The wingback position is a very difficult one to play and master. This is because in a formation with three central defenders, the wingback often performs multiple roles simultaneously.
He cannot solely be a defensive player because then he would be a fullback and the midfielders would have no/limited passing options to the wings. He cannot solely be an attacking player because then the three central defenders will be stretched too far wide when the other team is (counter-)attacking.
The modern-day wingback must be everything, everywhere, all at once. (Note: fun movie, but it got super weird at the end and dragged on too much for my liking. Not sure how it won an Oscar but what the hell do I know.)
Given that wingbacks (like central midfielders) are required to do so much, their ratings can be lopsided if they performed adequately in one domain but exceptionally in the other. For example, if a wingback was decent defensively but fantastic offensively or vice-versa.
Now that we understand the heavy burden that rests on their shoulders (and feet?), let’s review the performances of Juventus’ wingbacks this season.
Juan Cuadrado — 5.5
In last season’s review, I lamented the decline of Alex Sandro, one of Juventus’ most senior players and pillars of the club’s nine-year domestic success and the two times we reached the final of the Champions League. This season, I reserve my sadness for Juan “Dance The Night Away” Cuadrado, whose performances this season showed us that, at the ripe old age of 35, his days as a top-level footballer might be coming to an end.
Minutes Played: 3,290
Yellow Cards: 9
Red Cards: 2
As I mentioned in the intro, a wingback has to be all things to all people, but his performances can be saved if he’s at least decent at one thing and very good at another. Cuadrado’s primary strength used to be his attacking abilities, which makes sense given that he started his career as a forward and has made an impressive transition into a defender/wingback. But he was relatively unspectacular offensively, as shown by his one Serie A goal, one goal in the Coppa Italia (against Inter), and a few assists here and there.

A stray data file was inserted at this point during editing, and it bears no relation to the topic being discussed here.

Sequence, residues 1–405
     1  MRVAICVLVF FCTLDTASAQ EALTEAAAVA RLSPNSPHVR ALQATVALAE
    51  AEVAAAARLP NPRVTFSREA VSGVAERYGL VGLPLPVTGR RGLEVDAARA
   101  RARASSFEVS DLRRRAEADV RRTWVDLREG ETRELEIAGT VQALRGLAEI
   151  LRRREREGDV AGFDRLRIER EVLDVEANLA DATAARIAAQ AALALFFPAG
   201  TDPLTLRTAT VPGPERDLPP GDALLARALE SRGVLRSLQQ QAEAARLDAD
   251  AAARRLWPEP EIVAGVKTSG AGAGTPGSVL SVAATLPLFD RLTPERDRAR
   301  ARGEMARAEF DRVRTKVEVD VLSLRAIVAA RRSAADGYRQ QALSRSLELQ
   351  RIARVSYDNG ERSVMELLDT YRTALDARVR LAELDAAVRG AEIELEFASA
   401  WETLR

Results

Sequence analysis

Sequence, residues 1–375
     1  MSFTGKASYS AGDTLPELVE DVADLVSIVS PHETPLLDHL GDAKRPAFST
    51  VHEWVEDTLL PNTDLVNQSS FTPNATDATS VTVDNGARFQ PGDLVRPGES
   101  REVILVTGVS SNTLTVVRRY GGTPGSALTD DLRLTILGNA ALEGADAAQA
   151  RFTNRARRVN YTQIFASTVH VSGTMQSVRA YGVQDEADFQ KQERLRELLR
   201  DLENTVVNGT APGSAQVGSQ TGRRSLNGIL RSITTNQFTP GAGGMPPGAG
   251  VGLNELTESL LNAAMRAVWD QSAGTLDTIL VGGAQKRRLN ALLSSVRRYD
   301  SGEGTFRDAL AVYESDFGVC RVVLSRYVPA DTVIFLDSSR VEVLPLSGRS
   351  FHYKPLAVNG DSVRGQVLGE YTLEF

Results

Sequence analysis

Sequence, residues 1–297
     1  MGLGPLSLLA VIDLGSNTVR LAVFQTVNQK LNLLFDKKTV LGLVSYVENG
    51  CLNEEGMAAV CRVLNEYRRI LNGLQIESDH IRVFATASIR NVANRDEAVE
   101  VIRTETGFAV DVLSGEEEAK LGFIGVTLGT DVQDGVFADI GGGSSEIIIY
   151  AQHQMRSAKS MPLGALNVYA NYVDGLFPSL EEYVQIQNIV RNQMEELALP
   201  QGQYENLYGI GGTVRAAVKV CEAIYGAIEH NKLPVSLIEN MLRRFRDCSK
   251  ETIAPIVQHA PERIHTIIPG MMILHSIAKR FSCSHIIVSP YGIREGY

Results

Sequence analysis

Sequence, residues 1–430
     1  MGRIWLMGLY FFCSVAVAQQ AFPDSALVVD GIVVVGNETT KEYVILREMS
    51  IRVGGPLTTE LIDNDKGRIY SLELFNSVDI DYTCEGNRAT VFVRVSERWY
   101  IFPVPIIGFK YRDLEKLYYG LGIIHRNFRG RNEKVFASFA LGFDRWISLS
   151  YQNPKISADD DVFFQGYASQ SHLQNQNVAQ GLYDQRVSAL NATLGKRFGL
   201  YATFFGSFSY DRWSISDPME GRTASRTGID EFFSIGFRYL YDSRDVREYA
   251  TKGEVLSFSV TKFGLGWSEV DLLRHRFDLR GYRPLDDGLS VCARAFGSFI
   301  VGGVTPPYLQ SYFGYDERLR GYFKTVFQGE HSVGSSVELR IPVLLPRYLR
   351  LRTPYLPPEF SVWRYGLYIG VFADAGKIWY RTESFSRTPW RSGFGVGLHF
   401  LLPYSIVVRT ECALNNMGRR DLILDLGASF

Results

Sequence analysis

And as we can see from his double digit record of yellow and red cards, he wasn’t very disciplined defensively. This was the first season that every time Cuadrado went in for a slide tackle (and you could always see his coming from a mile away), I held my breath and thought to myself “this is gonna be ugly.”
Realistically speaking, there’s a good chance he’ll stay at the club simply because if he signs a new deal then he’ll probably be on a low salary, is one of the most senior players, and, frankly, seems like a pretty nice guy. If he does, though, it’s clear to me that we cannot and should not depend on him as a starting XI player.
Filip Kostic — 8
The signing of the season, if you ask me. To again go back to the intro,
Crosstic Kostic reached the holy grail of wingback responsibilities this season: fantastic offensively and extremely dependable defensively.
Minutes Played: 3,646
Yellow Cards: 4
I think it was Sergio who said that Kostic was a signing where we got exactly what we paid for. We knew that he was a great crosser of the ball and a solid defender, but to me another thing that stood out was that he was one of those players who are good because he does all the simple things well.
He never did any criss-cross stepovers, fancy tricks, or Hollywood passes. Instead, he knew how to do the simple things excellently like always keeping your body between the man and the ball, simple but crisp passes into feet, going shoulder to shoulder with players rather than shoulder to, well, anywhere else, and cross the ball like David Beckham.
I reduced his rating by half a point because his performances did decline significantly at the end of the season, which was probably because he was the player with the fourth most minutes played for the Bianconeri and he played for Serbia at the World Cup in Qatar. Fatigue catches up with even the best of us. But even with his late-season decline, he was, at worst, still solid, which is evidence of his fantastic abilities.
My only complaint is that he isn’t a few years younger.
Mattia De Sciglio — 6
I looked back at my ratings and comments from last season’s fullbacks review and the only reason I didn’t copy-paste my analysis of Mattia De Sciglio’s 2021-22 season for this segment is that I’m not allowed to plagiarize.
Minutes Played: 1,370
Yellow Cards: 0
In all seriousness, De Sciglio’s performances this year before suffering a season-ending knee injury were almost exactly the same as last season: distinctly average and yet generally dependable. In a strange way, he’s a lot like Kostic: you know exactly what you’re going to get with him and you almost always get that. If the club were in a stable place, had world-class wingbacks, and were competing for titles, I actually wouldn’t mind keeping De Sciglio as a dependable backup to give our starting wingbacks a rest from time to time.